Guillain-Barré syndrome is a rare disease in which the immune system attacks the peripheral nerves. Those affected suffer from muscle weakness and paralysis. A research team led by ETH Zurich has now elucidated the mechanism of this autoimmune reaction.

Patients with Guillain-Barré syndrome (GBS) suffer from a rare and diverse disorder of the peripheral nervous system. The disease is often triggered by previous infections and can lead to severe muscle weakness. In Europe and the USA, around 1 to 2 cases per 100,000 people occur annually.

GBS usually begins with weakness and tingling in the legs that can spread to the upper body and arms. Walking and moving becomes increasingly difficult. In severe cases, paralysis of the respiratory muscles can also occur. Although GBS is considered an autoimmune disease, the underlying mechanisms are still largely unknown. This makes accurate diagnosis and effective treatment difficult.

One recently published in the journal Nature external sitestudycall_made led by Daniela Latorre, SNSF group leader at the Institute of Microbiology at ETH Zurich, now uncovers a central aspect  of the pathophysiology of GBS . In close collaboration with clinical researchers at the University Hospital of Zurich and the Neurocenter of Southern Switzerland (EOC) in Lugano, Latorre searched for autoimmune factors that are responsible for this disease.

Autoreactive T cells attack peripheral nerves

Using highly sensitive measurement methods, Latorre’s group was able to demonstrate that in GBS patients, specific cells of the immune system, so-called T lymphocytes, penetrate the nerve tissue and react to the insulating covering of the nerve fibers, the myelin sheath.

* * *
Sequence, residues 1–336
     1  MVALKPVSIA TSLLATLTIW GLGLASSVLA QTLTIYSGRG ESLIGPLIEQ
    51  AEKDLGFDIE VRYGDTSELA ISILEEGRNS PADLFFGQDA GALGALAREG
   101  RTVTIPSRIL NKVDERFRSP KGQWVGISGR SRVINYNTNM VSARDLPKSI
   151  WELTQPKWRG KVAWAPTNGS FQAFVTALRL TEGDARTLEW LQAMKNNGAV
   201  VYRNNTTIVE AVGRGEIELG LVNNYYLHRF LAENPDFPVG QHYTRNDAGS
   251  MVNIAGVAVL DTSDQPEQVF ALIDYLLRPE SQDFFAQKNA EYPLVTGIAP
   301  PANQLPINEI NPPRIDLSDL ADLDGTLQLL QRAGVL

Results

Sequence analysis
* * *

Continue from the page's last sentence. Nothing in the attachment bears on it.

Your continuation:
In healthy people, T lymphocytes play a key role in the immune defense by recognizing and eliminating foreign structures, for example in viral infections, and abnormal endogenous cells. However, in rare cases, T cells can mistakenly attack the body’s own tissue, leading to autoimmune diseases.

“We found that these autoreactive T lymphocytes only occur in patients with a GBS variant in which the myelin layer of the nerves is damaged,” explains Latorre. And that the T cells have a disease-specific signature that distinguishes them from healthy people. The results provide evidence for the first time that autoreactive T lymphocytes contribute significantly to this clinical picture in humans.

In addition, in a subgroup of GBS patients following a viral infection, the researchers identified T lymphocytes that responded to both the self-antigens of the myelin sheath and the viral antigens. This suggests a direct connection between GBS disease and the previous viral infection .

Although current therapies are effective for many GBS patients, they are not specific enough, so around twenty percent of patients remain severely disabled or die. The researchers’ findings contribute to a better understanding of this disease and pave the way for follow-up studies with larger patient groups in order to decipher additional GBS variants. This could one day lead to targeted therapies for GBS subtypes and thus significantly improve patient care.

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